by Father Jean-Pierre Ruiz
When was the last time you used a map to get from Point A to Point B? I don’t mean an app on your phone that talks to you in a tone that always sounds vaguely scolding. I mean a map that’s printed on paper, the kind that you have to unfold, the kind I could never manage to fold back together again. It has been a long time since I have unfolded a map, but I’m on good terms with the voice that talks to me from my phone app, because it doesn’t complain when I grouse about where it tells me to go.
It takes more than a map or an app to figure out this Sunday’s Gospel reading, which tells us that Jesus “withdrew to the region of Tyre and Sidon.” These were cities on the Mediterranean coast, quite a distance from Gennesaret (on the northwest shore of the Sea of Galilee), where Jesus and the disciples landed the boat after the eventful crossing about which we heard in last Sunday’s Gospel. It’s a long enough walk to make us wonder what Jesus was up to!
The port cities of Tyre and Sidon (in present-day Lebanon) had a longstanding reputation for prosperity that came from international trade. It was King Hiram of Tyre who supplied King Solomon with the timber and gold he needed for his ambitious building projects. Yet Sidon was the hometown of Jezebel, the notorious Ba’al-worshipping spouse of King Ahab and a bitter enemy of the prophet Elijah. Both cities were the objects of searing critiques from the prophets because of their wealth and the arrogance that accompanied it. What could have brought Jesus to that region? We read a clue a few chapters earlier, with his withering rebuke of two Galilean towns: “Woe to you, Chorazin! Woe to you, Bethsaida! For if the mighty deeds done in your midst had been done in Tyre and Sidon, they would long ago have repented in sackcloth and ashes!” (Matthew 11:21)
While in Gennesaret, Jesus debated with envoys of the Pharisees and scribes who came from Jerusalem to seek him out, and perhaps that encounter led him to withdraw to the region of Tyre and Sidon. There he might be able to ascertain for himself their willingness to welcome him and his Gospel. It isn’t long before such an opportunity presents itself, when a woman of that region implores him, “Have pity on me, Lord, Son of David! My daughter is tormented by a demon.” Jesus’ reputation must have preceded him, so she addresses him in a way that honors his royal lineage. Jesus doesn’t answer her, and his disciples are annoyed that she keeps calling after them, so they ask Jesus to send her away. What comes next is puzzling, as Jesus telling the disciples, “I was sent only to the lost sheep of the house of Israel.” If only Peter (with his penchant for speaking his mind) had thought to reply with something like, “Then what are we doing here in the region of Tyre and Sidon, Lord? This was your idea!”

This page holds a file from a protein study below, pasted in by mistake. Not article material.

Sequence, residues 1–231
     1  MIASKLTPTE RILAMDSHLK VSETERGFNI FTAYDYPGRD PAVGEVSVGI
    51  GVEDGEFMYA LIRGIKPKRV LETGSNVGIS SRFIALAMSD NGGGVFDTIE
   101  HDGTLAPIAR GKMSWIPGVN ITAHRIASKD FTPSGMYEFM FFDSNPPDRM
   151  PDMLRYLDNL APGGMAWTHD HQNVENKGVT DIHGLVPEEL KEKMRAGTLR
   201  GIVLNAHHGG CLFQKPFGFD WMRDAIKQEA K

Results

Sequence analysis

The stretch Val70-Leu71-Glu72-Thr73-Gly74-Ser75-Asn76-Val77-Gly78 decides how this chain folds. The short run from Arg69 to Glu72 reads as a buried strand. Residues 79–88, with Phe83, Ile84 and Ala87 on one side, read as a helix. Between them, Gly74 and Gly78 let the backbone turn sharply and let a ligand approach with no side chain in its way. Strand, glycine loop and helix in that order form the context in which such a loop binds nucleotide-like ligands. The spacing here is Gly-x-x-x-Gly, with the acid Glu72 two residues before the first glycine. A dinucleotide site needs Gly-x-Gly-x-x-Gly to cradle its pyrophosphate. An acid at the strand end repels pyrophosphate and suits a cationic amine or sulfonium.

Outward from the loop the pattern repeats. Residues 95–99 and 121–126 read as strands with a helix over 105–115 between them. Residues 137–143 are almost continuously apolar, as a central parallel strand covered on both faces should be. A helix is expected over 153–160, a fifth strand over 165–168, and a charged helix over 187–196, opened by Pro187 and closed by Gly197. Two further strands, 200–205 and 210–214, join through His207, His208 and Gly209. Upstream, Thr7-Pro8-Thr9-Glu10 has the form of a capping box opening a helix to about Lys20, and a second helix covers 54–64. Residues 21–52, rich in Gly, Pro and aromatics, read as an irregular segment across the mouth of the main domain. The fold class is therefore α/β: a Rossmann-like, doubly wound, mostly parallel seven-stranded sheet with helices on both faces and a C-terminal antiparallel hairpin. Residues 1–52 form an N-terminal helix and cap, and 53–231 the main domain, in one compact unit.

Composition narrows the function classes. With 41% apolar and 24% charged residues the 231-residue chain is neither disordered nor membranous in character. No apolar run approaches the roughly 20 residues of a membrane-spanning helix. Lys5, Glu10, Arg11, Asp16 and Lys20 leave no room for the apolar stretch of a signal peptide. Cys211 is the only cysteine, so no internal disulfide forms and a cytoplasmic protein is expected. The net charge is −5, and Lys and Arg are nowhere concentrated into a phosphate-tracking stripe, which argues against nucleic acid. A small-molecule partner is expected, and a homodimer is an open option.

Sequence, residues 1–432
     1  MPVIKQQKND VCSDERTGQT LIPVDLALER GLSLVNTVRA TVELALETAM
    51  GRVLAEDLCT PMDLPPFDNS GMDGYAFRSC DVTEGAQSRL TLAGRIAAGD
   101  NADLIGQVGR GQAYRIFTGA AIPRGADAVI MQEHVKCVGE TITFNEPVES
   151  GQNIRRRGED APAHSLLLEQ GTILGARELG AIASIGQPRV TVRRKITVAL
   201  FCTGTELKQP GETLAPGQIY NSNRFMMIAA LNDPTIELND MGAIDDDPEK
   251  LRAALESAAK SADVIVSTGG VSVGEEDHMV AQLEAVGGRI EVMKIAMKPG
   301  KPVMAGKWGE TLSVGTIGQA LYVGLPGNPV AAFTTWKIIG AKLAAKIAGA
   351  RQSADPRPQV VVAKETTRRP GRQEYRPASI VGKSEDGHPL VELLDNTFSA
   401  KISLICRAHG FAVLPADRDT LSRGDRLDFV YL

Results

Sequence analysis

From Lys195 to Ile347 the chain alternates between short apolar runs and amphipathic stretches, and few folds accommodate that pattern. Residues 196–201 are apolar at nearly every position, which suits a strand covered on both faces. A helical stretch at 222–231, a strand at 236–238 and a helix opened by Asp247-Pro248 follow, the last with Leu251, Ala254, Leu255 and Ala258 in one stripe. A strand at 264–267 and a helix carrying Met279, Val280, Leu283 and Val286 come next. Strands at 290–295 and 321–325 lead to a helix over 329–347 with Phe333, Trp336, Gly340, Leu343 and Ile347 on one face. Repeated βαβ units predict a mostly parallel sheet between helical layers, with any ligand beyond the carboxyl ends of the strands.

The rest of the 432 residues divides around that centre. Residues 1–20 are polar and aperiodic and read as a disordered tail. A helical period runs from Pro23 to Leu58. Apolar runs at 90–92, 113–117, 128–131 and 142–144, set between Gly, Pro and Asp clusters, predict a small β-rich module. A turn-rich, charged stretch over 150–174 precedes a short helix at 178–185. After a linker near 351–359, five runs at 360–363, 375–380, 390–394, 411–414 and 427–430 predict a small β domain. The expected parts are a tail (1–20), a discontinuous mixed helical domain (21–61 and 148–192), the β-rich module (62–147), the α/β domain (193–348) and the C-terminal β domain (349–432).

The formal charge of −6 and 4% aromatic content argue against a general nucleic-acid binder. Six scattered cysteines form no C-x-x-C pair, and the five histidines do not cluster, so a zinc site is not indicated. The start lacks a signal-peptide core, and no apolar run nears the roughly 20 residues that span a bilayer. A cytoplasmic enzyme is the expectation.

If that’s what Peter was thinking, he didn’t have time to pronounce a word of it, because the woman “came and did Jesus homage, saying, ‘Lord, help me’.” The woman’s homage — bowing down, face to the ground — should have been enough to convince Jesus to save her daughter, but Jesus protests, “It is not right to take the food of the children and throw it to the dogs.” It’s hard to imagine another saying of Jesus that makes commentators squirm more uncomfortably than this one! Undeterred, the woman insists, using Jesus’ own words to make her case: “Please, Lord, for even the dogs eat the scraps that fall from the table of their masters.” At that, Jesus gives in, acknowledging “O woman, great is your faith,” and healing her daughter.
What does this unflappable Canaanite woman teach us by her persistence? Her faith wasn’t merely a matter of believing that something is true. Real faith — the kind that can move mountains and that can move the heart of Jesus — is a matter of abiding, unshakeable trust in God. She knew what Jesus could do and she wouldn’t take no for an answer! May her example inspire us!
Readings for the Twentieth Sunday in Ordinary Time
Father Ruiz, a priest of the Diocese of Brooklyn, is a professor of theology at St. John’s University, Jamaica.